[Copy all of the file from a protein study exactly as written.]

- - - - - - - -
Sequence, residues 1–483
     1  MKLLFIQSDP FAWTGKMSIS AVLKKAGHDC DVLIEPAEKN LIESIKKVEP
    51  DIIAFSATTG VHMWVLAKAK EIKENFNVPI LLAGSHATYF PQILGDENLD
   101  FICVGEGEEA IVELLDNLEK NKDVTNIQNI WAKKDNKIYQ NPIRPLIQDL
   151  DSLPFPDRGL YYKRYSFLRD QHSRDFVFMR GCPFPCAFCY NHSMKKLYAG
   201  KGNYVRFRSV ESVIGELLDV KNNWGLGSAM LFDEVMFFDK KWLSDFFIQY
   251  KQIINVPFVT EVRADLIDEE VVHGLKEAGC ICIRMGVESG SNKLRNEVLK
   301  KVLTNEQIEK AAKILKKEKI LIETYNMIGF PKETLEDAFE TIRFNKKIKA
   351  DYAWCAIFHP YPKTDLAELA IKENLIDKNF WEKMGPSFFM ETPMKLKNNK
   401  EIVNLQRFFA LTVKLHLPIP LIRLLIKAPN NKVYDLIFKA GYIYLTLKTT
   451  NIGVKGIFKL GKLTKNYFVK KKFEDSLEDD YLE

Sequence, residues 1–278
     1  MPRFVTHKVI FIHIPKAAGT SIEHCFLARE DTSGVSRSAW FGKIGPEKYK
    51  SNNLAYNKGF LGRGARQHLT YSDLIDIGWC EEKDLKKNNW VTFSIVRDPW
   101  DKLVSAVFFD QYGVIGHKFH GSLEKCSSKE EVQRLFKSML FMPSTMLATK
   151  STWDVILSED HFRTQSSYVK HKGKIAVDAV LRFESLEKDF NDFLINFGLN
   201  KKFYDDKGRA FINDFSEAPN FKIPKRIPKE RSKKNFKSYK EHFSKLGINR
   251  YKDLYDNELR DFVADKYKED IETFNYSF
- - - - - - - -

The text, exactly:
Sequence, residues 1–483
     1  MKLLFIQSDP FAWTGKMSIS AVLKKAGHDC DVLIEPAEKN LIESIKKVEP
    51  DIIAFSATTG VHMWVLAKAK EIKENFNVPI LLAGSHATYF PQILGDENLD
   101  FICVGEGEEA IVELLDNLEK NKDVTNIQNI WAKKDNKIYQ NPIRPLIQDL
   151  DSLPFPDRGL YYKRYSFLRD QHSRDFVFMR GCPFPCAFCY NHSMKKLYAG
   201  KGNYVRFRSV ESVIGELLDV KNNWGLGSAM LFDEVMFFDK KWLSDFFIQY
   251  KQIINVPFVT EVRADLIDEE VVHGLKEAGC ICIRMGVESG SNKLRNEVLK
   301  KVLTNEQIEK AAKILKKEKI LIETYNMIGF PKETLEDAFE TIRFNKKIKA
   351  DYAWCAIFHP YPKTDLAELA IKENLIDKNF WEKMGPSFFM ETPMKLKNNK
   401  EIVNLQRFFA LTVKLHLPIP LIRLLIKAPN NKVYDLIFKA GYIYLTLKTT
   451  NIGVKGIFKL GKLTKNYFVK KKFEDSLEDD YLE

Sequence, residues 1–278
     1  MPRFVTHKVI FIHIPKAAGT SIEHCFLARE DTSGVSRSAW FGKIGPEKYK
    51  SNNLAYNKGF LGRGARQHLT YSDLIDIGWC EEKDLKKNNW VTFSIVRDPW
   101  DKLVSAVFFD QYGVIGHKFH GSLEKCSSKE EVQRLFKSML FMPSTMLATK
   151  STWDVILSED HFRTQSSYVK HKGKIAVDAV LRFESLEKDF NDFLINFGLN
   201  KKFYDDKGRA FINDFSEAPN FKIPKRIPKE RSKKNFKSYK EHFSKLGINR
   251  YKDLYDNELR DFVADKYKED IETFNYSF